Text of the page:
44°N Gin has floral and citrus notes, uses perfume extraction techniques

It is important to know the origination of the 44°N Gin, as therein lies the secret to its making. Taking its name from the geographic coordinates of Grasse, 44°N is essentially a is cold, low pressure distilled gin, with botanicals included.

For those who don’t know it, Grasse is a town on the French Riviera and is situated in the hills north of Cannes. This region is known for its perfume industry. The heritage and legacy belongs to the likes of Musée International de la Parfumerie, in the town center. Fragonard, Molinard and Galimard, which are large perfumeries in the area – offer tours and show you how perfume is made.

Little Perfume-making Science Helps with Making Gin

The fragrance capital of the world has heavily influenced the making of this Gin. The botanicals that go into the making of this Gin include Angelica, Samphire, bitter orange, Alexanders seeds, dried Verbena leaves, Centifolia rose petals and Cade.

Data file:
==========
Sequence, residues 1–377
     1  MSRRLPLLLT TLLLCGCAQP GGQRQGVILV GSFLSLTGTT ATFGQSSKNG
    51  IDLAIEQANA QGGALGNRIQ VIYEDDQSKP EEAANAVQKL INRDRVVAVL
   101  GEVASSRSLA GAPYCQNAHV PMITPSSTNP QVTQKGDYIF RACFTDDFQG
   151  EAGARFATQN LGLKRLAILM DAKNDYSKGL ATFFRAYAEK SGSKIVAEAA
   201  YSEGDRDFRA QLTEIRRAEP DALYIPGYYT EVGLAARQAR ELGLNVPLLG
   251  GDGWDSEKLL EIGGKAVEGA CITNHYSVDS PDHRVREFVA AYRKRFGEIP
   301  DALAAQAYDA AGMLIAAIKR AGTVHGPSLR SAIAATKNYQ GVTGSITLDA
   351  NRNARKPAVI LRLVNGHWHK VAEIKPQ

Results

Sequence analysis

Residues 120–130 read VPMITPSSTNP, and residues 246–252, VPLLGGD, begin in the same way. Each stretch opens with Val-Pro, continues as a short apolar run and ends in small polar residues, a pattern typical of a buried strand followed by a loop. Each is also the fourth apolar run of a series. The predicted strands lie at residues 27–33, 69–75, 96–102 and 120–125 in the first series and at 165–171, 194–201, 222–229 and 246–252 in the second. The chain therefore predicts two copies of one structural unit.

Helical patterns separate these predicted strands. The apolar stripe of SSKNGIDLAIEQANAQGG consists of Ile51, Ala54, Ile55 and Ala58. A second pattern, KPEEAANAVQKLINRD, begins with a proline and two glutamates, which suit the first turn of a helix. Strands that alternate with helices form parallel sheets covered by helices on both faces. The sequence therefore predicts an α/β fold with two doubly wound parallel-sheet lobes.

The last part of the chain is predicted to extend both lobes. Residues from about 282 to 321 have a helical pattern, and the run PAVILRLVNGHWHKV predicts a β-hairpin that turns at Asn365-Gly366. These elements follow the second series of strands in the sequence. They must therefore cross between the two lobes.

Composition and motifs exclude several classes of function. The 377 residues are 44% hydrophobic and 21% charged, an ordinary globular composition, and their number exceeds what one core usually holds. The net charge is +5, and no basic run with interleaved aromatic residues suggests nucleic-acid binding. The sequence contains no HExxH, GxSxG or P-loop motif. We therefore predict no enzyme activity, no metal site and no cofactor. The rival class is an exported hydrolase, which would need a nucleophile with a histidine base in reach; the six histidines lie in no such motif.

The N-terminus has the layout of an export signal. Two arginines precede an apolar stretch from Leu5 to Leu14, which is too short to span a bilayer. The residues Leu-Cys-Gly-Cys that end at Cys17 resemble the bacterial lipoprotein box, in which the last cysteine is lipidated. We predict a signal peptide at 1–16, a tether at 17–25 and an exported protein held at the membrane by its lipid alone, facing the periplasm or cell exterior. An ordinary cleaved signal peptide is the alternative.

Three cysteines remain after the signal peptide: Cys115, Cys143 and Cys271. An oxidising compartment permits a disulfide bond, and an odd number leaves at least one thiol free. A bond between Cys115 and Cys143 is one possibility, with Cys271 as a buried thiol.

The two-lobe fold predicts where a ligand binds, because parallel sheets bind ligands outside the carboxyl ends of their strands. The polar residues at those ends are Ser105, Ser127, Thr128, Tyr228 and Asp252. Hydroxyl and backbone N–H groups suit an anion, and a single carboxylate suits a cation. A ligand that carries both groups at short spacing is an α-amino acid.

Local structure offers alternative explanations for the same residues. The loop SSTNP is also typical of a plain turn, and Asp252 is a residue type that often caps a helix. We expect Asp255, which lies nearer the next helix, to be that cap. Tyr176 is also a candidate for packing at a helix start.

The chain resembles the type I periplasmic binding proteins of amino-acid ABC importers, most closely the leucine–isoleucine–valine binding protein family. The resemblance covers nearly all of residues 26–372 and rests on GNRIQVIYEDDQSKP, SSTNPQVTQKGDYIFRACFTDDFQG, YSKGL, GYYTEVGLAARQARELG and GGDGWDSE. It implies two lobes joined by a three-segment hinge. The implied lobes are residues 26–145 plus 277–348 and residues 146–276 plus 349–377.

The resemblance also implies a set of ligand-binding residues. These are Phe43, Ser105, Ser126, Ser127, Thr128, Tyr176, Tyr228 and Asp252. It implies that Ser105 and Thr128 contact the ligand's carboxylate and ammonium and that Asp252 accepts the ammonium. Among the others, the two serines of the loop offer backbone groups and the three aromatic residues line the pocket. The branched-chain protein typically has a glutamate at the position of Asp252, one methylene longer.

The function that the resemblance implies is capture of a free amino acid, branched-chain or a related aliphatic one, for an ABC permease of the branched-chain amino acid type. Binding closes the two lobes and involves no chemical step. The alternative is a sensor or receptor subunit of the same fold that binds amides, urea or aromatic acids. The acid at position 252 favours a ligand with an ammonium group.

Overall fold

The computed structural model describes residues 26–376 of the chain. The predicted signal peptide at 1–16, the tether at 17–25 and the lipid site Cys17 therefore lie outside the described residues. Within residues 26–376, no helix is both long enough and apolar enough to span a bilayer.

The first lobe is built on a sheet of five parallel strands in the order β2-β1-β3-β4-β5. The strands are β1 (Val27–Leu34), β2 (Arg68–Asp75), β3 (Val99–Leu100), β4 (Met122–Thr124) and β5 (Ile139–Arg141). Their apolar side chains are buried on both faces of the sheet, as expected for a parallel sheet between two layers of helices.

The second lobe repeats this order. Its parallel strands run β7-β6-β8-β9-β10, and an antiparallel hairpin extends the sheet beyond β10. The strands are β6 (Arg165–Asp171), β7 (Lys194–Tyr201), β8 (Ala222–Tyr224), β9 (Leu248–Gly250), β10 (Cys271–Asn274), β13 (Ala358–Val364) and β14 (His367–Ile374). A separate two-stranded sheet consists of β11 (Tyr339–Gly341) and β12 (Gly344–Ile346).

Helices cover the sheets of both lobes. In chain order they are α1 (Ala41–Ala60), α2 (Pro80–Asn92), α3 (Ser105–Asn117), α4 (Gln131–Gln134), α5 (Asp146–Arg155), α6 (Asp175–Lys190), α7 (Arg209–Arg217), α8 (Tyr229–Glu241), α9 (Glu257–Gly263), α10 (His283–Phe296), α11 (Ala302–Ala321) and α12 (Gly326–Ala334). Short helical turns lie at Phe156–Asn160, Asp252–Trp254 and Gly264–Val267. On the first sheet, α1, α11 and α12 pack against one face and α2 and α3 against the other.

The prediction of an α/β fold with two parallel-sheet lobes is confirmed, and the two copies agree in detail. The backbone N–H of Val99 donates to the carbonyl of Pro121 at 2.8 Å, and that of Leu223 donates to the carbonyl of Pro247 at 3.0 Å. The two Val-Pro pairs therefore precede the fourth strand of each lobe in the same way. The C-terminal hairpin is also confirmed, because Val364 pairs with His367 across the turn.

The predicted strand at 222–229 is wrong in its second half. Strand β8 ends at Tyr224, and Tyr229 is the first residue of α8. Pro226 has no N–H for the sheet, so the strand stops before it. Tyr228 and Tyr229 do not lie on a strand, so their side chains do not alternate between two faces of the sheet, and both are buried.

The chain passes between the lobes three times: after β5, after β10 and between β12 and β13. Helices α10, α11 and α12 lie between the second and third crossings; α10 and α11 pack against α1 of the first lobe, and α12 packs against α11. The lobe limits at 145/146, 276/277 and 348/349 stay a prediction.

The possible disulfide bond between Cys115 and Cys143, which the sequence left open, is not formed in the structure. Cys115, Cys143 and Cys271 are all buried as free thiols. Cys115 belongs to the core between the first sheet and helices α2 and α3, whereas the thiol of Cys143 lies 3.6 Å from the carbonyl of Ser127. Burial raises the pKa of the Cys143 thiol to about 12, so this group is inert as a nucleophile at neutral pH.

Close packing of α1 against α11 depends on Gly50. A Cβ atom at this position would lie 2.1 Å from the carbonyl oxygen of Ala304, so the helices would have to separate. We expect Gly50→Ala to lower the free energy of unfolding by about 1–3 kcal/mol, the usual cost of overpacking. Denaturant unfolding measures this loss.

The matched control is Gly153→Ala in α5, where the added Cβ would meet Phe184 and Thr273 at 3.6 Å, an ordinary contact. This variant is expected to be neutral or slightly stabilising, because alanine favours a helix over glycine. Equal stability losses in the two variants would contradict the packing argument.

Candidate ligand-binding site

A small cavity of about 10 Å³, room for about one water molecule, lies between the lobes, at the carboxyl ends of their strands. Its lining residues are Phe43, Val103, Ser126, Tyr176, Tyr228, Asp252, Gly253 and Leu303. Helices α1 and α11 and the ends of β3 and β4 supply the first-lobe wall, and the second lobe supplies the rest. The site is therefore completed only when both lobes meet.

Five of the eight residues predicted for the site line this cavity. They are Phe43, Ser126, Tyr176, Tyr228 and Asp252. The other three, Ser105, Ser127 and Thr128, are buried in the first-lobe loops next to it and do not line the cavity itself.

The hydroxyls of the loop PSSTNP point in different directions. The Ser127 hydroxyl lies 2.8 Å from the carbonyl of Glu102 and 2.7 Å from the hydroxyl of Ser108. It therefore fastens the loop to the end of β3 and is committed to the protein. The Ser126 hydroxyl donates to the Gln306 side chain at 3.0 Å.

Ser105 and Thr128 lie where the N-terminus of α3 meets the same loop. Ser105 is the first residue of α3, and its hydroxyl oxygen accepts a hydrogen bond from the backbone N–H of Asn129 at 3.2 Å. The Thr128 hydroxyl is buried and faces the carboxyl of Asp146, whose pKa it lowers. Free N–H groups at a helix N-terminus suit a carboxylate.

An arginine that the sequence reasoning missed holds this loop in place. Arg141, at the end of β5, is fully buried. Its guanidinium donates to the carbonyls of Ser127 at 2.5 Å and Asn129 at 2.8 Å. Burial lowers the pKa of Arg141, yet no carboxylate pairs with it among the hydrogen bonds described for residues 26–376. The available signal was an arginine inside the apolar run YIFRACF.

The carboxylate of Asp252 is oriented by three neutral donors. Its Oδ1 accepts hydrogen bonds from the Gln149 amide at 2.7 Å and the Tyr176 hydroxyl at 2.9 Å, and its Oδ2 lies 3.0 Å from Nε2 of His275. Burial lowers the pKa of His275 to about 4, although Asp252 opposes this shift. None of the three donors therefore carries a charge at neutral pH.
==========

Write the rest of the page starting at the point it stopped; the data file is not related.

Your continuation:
Taking inspiration from its surroundings, which include the deep blue Mediterranean Sea and the aromatic Provençal botanicals, the 44°N captures the energy of Mimosa and Immortelle, while using the modern gin distilling methods, along with cutting edge perfume extraction technology.

Bold Fusion of Flavors That Play with Your Senses

The way the makers put it – the blue in the bottle suggests the most abstract figure of nature, the sky and the sea. The French distiller Comte de Grasse or the Lab Distillery, use the ultrasonic maceration, vacuum distillation, and carbon dioxide supercritical extraction – in short the process to make perfume – as the science behind the distillation of their Gin.

The process is such that a batch of ingredients are macerated and then distilled and as this process is underway, carbon dioxide supercritical extraction is used to get essences from another set of ingredients. The next step is to combine the two batches, for the perfect Gin.

Comte de Grasse founder and CEO Bhagath Reddy believes that taking advantage of the ‘local environment, both social and physical, has been a real success of Comte de Grasse.’ The Gin tastes bright, tangy lemon and grapefruit-y along with unmistakable woody characteristics of the cade and juniper.

This process of distillation uses lesser energy and natural resources than traditional gin production, to get the effect that is required. Know more here.